- Creating a client-specific library: This may consist of terminologies specific to an industry, client or even the target region and language. This can be used by any translator who works on the client’s projects for on-going and future projects.
- Final Revision: A native proofreader is assigned to proofread the text again to ensure the meaning of the text is the same as in the original information and to see if the client’s requirements are met. He will make any final edits to refine and “polish” the translated text if required.
- Delivery: The project manager reviews the final file and delivers the files to the client in the same format as received. The client cross-checks the files if it matches the quality and expression set in the beginning.
Translation Tools: Sometimes the translation process can be tedious as the data to be translated could cover a multitude of topics. Hence, language translation services integrate language translation tools that ease the burden of translation and improve efficiency, consistency, and quality. The translation agencies incorporate these tools depending on the complexity of the source text and the time required to get the final result.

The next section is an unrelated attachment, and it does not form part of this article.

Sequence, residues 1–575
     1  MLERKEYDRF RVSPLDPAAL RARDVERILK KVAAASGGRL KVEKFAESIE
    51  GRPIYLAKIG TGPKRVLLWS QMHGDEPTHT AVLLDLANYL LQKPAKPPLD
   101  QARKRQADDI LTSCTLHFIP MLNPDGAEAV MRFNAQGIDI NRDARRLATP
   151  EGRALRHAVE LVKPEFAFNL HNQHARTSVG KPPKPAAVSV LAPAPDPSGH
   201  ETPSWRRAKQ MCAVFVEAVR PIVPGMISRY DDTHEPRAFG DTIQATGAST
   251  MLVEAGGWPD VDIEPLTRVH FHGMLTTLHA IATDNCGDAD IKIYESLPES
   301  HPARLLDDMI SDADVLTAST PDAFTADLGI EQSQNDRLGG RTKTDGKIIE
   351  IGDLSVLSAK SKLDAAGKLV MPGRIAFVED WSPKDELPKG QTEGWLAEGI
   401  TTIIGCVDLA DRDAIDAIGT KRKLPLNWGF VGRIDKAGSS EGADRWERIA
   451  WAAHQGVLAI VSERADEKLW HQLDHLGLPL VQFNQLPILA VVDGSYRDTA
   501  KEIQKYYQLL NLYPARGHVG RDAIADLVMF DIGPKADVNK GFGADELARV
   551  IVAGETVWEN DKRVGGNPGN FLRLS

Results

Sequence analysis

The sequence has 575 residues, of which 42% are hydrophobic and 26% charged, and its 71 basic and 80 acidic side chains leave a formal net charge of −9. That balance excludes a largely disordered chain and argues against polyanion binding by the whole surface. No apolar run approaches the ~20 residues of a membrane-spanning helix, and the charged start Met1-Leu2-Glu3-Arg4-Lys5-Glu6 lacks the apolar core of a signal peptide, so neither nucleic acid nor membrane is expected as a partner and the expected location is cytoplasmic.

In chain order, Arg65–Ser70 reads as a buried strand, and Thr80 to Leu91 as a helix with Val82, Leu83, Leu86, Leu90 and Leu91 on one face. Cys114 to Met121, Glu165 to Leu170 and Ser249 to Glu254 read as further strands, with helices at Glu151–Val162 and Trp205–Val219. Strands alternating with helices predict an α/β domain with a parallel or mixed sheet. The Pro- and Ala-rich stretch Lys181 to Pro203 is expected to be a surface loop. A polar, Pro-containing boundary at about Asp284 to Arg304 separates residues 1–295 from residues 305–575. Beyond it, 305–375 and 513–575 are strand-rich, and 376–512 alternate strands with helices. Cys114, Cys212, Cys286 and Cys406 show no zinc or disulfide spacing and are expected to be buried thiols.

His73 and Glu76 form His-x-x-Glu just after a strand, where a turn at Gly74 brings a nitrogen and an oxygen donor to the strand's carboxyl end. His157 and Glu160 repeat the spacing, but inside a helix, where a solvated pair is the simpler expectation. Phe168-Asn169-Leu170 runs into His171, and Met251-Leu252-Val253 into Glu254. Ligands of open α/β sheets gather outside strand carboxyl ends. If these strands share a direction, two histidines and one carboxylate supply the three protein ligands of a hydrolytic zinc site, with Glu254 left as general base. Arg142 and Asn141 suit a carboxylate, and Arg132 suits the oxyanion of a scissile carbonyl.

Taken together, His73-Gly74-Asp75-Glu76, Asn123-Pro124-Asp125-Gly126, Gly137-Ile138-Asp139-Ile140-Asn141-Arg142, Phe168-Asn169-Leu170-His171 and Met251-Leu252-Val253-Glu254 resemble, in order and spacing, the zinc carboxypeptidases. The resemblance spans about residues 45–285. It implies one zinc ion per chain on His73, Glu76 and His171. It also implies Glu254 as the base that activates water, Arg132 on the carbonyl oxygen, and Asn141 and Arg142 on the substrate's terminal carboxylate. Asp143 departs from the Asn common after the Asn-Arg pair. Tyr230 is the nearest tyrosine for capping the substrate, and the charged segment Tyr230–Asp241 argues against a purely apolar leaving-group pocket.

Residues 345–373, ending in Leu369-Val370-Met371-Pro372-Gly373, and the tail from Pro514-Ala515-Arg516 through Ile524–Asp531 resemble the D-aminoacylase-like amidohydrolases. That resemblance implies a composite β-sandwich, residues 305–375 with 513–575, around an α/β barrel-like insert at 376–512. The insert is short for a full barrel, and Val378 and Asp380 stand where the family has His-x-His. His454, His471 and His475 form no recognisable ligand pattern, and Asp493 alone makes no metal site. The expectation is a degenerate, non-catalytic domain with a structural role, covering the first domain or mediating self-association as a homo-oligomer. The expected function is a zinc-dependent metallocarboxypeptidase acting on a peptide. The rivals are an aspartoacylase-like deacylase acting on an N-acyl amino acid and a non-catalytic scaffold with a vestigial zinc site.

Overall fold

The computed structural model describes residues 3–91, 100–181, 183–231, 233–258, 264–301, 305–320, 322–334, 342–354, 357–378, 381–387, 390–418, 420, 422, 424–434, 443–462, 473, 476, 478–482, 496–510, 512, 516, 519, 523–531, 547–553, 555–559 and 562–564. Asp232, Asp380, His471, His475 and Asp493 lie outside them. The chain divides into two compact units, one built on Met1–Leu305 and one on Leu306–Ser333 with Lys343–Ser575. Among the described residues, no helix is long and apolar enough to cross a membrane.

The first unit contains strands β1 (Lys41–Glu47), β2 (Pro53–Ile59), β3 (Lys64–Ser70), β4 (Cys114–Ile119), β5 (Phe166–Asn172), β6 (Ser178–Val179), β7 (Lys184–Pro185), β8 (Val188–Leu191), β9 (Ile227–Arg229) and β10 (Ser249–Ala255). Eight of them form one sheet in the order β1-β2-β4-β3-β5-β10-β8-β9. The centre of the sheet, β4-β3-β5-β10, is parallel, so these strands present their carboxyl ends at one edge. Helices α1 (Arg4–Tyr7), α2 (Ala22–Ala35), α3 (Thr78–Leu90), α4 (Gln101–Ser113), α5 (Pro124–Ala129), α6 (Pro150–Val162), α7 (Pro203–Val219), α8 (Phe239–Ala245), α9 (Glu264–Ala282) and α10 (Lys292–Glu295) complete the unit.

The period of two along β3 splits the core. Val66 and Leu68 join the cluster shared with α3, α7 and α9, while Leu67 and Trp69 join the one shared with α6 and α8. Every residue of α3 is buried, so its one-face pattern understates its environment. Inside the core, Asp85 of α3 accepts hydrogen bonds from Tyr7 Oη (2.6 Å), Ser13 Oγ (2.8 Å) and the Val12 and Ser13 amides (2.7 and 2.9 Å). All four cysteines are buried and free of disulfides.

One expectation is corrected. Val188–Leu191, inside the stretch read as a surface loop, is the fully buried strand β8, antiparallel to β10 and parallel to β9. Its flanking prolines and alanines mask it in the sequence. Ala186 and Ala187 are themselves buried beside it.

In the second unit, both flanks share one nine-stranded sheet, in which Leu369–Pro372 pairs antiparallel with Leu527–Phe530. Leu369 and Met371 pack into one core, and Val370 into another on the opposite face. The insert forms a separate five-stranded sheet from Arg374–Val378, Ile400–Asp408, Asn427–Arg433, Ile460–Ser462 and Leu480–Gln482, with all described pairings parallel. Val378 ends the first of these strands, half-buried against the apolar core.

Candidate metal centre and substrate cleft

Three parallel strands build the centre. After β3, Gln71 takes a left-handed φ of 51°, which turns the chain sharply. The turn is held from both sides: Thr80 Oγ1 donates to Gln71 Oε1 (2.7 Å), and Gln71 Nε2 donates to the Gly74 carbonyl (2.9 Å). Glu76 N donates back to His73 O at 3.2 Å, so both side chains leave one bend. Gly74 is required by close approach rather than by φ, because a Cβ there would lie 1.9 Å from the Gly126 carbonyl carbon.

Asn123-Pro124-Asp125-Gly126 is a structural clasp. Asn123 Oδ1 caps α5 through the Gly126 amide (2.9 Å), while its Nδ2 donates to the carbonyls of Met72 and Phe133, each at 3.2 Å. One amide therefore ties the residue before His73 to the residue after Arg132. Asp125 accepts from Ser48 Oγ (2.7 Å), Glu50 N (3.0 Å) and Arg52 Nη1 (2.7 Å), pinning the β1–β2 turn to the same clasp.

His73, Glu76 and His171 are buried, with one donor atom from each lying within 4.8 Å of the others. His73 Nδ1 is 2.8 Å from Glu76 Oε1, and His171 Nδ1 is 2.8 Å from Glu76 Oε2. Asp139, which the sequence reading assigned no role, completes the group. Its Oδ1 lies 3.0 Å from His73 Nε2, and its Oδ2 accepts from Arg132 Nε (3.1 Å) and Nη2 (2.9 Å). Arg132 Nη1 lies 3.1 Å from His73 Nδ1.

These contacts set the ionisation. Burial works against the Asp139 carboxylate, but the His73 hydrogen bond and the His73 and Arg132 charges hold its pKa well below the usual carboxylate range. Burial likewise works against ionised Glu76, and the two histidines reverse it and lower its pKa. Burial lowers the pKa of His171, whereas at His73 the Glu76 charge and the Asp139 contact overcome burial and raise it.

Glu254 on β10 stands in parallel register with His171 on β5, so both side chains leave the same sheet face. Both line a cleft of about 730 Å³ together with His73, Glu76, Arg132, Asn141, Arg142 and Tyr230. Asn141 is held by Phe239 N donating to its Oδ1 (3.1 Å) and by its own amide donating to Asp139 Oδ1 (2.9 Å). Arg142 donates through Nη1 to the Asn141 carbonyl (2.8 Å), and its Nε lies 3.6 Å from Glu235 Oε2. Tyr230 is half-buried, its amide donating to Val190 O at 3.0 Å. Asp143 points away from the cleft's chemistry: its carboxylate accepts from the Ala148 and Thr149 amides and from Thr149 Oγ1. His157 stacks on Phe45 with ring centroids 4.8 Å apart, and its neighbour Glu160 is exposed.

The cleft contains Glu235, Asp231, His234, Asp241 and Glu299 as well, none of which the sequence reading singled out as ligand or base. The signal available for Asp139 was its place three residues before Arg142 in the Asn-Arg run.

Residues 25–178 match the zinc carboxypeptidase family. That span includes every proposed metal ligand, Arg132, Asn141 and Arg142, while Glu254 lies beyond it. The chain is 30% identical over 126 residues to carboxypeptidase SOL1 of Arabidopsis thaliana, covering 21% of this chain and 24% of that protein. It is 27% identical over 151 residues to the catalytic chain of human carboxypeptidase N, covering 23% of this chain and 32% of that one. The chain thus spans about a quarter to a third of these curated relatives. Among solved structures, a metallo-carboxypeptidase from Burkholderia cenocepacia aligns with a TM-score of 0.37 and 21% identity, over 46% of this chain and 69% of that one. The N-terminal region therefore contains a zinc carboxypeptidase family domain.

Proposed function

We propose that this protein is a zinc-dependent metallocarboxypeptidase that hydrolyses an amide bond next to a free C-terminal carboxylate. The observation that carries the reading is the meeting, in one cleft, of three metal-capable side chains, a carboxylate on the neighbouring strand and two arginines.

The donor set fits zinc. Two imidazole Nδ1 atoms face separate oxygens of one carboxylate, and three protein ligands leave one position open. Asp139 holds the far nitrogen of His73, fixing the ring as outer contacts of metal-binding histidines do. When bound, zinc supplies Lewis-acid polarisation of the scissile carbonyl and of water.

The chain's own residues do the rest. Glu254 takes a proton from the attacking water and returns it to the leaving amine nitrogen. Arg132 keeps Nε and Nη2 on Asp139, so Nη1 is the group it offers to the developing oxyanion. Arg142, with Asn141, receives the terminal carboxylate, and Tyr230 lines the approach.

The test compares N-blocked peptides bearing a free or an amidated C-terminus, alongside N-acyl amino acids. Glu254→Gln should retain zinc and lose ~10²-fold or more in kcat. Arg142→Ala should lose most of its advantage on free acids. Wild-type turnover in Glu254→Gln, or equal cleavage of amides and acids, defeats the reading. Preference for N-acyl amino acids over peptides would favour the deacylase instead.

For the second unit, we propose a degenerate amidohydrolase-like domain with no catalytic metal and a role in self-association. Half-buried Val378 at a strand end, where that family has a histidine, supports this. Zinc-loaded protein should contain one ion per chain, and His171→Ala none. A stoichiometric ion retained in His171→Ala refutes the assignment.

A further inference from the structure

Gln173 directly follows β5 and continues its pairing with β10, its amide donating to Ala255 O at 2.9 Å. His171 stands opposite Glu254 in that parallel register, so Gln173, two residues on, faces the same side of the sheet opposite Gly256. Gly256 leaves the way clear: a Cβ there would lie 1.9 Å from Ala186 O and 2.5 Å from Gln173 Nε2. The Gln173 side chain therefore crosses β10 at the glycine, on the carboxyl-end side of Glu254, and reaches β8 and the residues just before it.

Hieroglyphs to Microchips: A Brief History of Translation
The history of translation has nothing to do with a revolution; it’s an ongoing evolution. Here's how we g...
How to get Hired (and Hired Again): Advice for Linguists
In the past several years I have hired lots of translators. While many of them continue to work with us fo...